Platt Adams, a half brother of John Adams, was a young man of greater force of character, and possessed great executive ability. It is said that he could talk with a customer, and at the same time carry on a business correspondence with a distant party---doing two things at the same time, if such a thing is possible.  He was a lawyer by profession, although he never practiced much, preferring business and politics to law.  He chose the merchantile business. His store is now occupied by W.W. Burhans, Esq., and he lived in the Presbyterian Parsonage.  He married Miss Clarissa Dudley, a daughter of the widow Dudley, who afterward married Rev. Seth Williston, D.D.  Mrs. Adams was a lady of refined taste, and was a great lover of plants and flowers. She had the honor of introducing Snap Dragon as a flowering plant, and the ladies of the village thought it beautiful and fragrant (?) and it was generally introduced.  She did a great deal for society and church, and was a noble Christian woman.  Platt Adams was entrusted by his townsmen in many ways. We find his name frequently in the Society records as Clerk and Trustee. He was Town Clerk from 1821 to 1825, when he was chosen Supervisor. He was re-elected in 1826, '27, and '28, also in '34, '35, '37 and '38. In 1828 he was elected Sheriff of Greene Co. In 1838 he was also elected Justice of the Peace. Previous to this however, in 1820, he was elected to the Legislature, also again in 1839. In 1848 he was elected to the State Senate.  All along these years he was Colonel of Militia, and was very popular as a military man. He now resides in the City of New York, and is about 90 years of age. He had two sons and two daughters. Addison left town when he was quite young. Grovenor married Nancy Cone, daughter of Rev. Jonathan Cone.  He was a lawyer and a Probate Judge, and now lives on Long Island. Morgan Adams of Windham, and Seymour Adams  of Cairo, are members of the Adams family just described. On the road leading from the "Lant place" to Oak Hill lived Mr. Cleveland, on the farm recently occupied by Mr. John Palmer.  From him descended Lyman Cleveland, deceased, and Ezra and Amos Cleveland.  As we proceed up the turnpike from the "Lant place" toward Durham, we come to the old "Barker place."  George Easland now occupies the place. Here lived in the early history of the town, Thomas E. Barker, who was at one time perhaps the public man of the town. In my museum of ancient papers there is no name that appears so often as his; Society papers, deeds, leases, contracts, survey bills, road warrants, Etc, bear the name of Thomas E. Barker.  He was the first man who ever represented this town in the Legislature of the State---that was in 1798, two years before Greene County was organized.  He was one of the members from Albany County and coming from the town of Freehold as it was then called. Upon the formation of Greene County in 1800, he and Caleb Benton were the first representatives in the Legislature from the new county. He also became a Judge of the Court of Common Pleas. His penmanship was excellent.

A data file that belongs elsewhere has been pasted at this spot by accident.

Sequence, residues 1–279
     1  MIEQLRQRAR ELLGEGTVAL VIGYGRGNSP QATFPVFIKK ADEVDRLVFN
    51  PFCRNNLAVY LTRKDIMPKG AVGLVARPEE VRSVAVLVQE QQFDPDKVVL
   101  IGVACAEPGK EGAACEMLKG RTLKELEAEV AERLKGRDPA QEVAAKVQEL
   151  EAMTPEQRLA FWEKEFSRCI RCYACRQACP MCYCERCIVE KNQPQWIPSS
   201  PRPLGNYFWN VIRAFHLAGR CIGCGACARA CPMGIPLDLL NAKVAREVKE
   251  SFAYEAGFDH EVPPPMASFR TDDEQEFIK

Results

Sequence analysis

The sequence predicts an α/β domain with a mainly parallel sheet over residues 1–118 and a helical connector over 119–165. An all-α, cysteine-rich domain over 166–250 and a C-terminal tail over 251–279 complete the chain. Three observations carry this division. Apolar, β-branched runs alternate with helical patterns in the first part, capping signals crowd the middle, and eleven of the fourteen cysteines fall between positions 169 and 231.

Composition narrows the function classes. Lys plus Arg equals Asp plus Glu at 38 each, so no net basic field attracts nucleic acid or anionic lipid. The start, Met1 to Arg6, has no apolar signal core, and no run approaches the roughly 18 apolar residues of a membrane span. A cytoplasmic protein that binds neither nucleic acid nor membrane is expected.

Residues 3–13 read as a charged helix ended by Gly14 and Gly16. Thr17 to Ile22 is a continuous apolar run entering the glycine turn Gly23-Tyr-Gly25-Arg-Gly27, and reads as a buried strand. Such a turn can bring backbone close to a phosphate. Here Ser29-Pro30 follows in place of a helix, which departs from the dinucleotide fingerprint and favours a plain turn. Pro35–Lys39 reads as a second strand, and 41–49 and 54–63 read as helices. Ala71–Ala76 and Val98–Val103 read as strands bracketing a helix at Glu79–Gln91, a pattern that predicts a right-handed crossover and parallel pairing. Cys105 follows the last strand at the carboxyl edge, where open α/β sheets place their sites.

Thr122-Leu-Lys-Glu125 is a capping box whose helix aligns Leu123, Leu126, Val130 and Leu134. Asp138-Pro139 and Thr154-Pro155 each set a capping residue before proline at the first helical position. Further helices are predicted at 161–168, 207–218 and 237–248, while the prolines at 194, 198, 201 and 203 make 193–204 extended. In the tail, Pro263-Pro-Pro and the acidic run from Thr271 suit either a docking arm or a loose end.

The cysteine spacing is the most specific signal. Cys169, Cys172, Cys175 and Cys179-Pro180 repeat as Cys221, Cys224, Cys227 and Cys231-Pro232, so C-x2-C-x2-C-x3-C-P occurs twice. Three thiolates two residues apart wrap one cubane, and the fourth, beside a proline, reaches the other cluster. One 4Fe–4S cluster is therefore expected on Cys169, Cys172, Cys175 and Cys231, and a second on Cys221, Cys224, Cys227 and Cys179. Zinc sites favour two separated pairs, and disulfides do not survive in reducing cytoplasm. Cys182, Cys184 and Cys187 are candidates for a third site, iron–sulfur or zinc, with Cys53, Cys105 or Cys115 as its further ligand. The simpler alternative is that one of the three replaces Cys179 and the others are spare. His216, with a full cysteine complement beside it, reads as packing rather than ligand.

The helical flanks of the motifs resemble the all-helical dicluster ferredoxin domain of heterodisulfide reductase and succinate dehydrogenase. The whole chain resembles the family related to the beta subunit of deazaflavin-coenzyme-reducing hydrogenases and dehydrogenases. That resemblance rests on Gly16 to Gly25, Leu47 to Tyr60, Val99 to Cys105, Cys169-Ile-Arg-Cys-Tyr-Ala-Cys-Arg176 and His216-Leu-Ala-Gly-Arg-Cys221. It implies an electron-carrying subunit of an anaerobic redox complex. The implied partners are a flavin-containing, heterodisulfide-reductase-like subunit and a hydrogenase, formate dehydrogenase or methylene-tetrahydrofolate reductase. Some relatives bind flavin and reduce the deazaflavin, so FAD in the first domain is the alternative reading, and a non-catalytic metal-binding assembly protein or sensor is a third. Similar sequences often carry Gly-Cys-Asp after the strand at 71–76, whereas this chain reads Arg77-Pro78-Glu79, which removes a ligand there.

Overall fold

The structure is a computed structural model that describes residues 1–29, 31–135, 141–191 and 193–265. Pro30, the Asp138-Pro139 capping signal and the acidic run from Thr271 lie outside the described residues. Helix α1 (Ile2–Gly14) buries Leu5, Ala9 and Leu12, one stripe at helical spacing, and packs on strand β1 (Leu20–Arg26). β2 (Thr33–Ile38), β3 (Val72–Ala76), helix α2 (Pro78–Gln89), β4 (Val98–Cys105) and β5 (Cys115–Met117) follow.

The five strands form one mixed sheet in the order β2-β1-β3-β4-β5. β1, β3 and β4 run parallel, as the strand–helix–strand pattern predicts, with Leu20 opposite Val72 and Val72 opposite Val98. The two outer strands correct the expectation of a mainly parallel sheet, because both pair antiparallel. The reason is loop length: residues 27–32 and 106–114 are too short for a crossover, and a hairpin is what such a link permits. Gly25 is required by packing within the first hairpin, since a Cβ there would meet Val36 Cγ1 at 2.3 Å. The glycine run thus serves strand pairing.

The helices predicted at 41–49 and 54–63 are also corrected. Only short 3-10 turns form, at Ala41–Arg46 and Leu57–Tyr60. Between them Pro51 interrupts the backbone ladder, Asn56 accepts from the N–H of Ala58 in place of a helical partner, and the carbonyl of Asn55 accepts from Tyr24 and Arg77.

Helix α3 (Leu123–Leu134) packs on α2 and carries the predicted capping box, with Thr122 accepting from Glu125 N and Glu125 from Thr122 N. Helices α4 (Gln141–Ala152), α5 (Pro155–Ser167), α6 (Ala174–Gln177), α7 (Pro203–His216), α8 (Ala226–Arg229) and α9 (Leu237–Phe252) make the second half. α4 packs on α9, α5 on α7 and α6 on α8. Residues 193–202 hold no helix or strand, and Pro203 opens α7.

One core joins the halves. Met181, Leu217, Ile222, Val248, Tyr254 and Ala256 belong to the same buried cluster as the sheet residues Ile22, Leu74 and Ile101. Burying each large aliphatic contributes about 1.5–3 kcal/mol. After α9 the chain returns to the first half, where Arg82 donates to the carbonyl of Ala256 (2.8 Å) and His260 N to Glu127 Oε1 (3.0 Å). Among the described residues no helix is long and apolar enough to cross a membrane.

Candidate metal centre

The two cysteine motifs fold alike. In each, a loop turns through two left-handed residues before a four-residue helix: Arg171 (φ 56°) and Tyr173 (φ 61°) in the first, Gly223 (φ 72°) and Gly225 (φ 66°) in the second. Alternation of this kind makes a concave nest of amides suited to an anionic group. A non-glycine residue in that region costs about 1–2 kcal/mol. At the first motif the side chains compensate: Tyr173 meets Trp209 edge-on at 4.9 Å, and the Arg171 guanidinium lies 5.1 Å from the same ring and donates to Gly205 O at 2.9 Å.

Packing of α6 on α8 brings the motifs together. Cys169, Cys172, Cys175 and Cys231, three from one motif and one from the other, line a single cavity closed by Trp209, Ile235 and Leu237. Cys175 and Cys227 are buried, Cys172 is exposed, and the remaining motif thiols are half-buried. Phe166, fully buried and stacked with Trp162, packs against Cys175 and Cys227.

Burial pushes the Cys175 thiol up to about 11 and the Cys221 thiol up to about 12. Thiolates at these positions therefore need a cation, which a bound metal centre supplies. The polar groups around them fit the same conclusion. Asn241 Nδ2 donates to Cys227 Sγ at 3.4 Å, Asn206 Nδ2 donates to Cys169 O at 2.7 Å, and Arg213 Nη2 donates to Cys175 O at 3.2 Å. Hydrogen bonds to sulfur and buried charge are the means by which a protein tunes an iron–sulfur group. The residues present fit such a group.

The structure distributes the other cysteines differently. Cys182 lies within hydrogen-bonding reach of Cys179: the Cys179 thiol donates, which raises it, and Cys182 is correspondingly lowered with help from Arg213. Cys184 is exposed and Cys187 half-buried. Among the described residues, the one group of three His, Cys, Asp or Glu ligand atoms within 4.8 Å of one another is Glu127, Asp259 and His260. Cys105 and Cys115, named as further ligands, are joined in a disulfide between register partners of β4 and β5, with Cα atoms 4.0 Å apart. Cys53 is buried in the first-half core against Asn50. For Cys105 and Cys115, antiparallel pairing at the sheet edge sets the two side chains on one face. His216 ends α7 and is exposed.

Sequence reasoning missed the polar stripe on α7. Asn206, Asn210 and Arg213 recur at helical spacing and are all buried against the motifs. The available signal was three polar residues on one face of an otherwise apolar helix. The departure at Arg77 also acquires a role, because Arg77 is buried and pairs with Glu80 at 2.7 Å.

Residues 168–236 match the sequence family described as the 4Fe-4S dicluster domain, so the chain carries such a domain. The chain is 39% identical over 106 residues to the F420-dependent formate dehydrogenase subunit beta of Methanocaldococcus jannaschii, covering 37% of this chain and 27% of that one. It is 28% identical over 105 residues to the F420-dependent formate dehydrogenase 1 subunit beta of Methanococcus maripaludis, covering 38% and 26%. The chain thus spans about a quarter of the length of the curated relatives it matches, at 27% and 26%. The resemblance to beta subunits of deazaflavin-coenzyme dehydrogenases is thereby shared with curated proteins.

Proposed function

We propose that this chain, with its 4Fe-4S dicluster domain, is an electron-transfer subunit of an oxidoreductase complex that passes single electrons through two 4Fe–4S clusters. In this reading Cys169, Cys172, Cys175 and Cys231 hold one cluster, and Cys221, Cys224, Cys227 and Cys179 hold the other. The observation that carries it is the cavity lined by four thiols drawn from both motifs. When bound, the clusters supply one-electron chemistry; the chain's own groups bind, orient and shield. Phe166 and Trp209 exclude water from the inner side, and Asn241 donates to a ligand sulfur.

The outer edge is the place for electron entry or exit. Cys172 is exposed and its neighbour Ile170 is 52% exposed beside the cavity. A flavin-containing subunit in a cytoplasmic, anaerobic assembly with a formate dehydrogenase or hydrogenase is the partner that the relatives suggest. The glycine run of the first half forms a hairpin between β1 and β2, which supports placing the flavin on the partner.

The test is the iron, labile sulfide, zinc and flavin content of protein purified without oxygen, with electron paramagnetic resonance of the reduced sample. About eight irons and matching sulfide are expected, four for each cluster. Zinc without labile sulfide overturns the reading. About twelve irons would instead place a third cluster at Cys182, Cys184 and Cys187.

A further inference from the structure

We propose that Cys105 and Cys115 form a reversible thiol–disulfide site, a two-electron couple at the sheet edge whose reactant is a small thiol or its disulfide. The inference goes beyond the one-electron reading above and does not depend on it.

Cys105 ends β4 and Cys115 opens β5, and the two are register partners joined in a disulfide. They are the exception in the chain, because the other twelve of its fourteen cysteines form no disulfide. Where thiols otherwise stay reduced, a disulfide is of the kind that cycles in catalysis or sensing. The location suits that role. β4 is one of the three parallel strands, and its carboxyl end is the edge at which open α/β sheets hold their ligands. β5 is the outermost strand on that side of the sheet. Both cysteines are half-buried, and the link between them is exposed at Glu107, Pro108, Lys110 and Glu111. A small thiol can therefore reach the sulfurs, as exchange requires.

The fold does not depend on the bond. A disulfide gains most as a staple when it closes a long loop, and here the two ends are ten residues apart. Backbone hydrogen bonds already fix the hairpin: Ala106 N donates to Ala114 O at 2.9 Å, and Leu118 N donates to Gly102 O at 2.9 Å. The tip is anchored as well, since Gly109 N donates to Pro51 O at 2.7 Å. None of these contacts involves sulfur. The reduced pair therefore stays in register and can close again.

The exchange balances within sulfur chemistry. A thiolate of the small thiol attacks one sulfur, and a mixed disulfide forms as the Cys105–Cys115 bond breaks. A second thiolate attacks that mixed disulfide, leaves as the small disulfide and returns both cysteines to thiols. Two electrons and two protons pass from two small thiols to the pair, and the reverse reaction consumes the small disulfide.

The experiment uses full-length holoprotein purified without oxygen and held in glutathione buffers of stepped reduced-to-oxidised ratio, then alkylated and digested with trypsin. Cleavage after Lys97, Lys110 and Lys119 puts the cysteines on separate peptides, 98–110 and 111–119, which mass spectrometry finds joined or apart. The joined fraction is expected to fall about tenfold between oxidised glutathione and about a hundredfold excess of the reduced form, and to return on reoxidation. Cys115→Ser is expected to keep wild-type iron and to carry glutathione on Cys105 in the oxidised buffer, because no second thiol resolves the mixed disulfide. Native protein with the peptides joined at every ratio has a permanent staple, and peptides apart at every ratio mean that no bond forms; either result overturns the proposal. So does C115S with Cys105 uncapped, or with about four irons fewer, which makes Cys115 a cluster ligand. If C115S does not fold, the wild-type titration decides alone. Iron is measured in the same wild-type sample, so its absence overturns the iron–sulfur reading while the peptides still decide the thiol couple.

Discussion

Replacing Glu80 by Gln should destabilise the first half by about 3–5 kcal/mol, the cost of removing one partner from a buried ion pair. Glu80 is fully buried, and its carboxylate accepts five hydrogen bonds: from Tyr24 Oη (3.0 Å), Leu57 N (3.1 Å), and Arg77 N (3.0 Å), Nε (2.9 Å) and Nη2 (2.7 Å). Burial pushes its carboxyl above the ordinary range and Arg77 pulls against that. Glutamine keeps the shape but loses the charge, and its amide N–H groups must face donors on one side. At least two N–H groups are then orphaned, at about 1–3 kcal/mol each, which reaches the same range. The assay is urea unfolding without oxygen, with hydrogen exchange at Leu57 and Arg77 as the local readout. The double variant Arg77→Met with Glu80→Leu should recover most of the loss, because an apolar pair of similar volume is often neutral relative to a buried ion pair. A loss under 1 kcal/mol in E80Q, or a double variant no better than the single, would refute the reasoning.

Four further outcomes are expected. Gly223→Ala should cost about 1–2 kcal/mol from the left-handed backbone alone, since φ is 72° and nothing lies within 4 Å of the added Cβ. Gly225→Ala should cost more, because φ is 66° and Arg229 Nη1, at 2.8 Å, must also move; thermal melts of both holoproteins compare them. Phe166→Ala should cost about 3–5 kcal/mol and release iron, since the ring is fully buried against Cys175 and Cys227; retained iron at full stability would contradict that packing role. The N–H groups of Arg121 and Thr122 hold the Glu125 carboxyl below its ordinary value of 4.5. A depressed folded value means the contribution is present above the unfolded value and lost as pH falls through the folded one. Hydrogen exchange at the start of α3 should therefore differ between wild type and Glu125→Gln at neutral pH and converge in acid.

One of the first roads laid out in town commenced at Mr. Newell's in West Durham, and ran about where the present road does until we reach William Baldwin's, where the old road passed over or near the site of his house, and from there directly to Shubal Finch's,  and so on East past Edwin Elliott's, coming out on the Turnpike at Smith Bear's.  Just up this road where Deacon Mackey lives, Mr. Edward Doty settled, and where Edwin Elliott lives Mr. Rozel Post settled and built the first Grist Mill.  He was a son of Abraham Post, who with Eleazur Knowles, Bethuel Hinman, Peter Curtis and Edward Lake come from Connecticut, and settled in Greenville in 1783. He was born March 24, 1769, and in 1786 when he was seventeen years of age he settled in Durham. He lived alone for some time, "sleeping on the ground, in the woods, by the side of logs," until his first house was built. He built the first Grist Mill on the North side of the stream opposite the present one. He married Temperance Kirtland: she died Jan 4, 1839. His second wife was Elizabeth Shaft. She died Jul 14, 1846.  He died Aug. 28, 1859, aged 90. He had six children---Elias, Ransom, Lydia Ann, Temperance, Reuben Palmer, and Seymour.
Isaac Carter lived where Subal Finch does, but I believe the family are all gone long ago.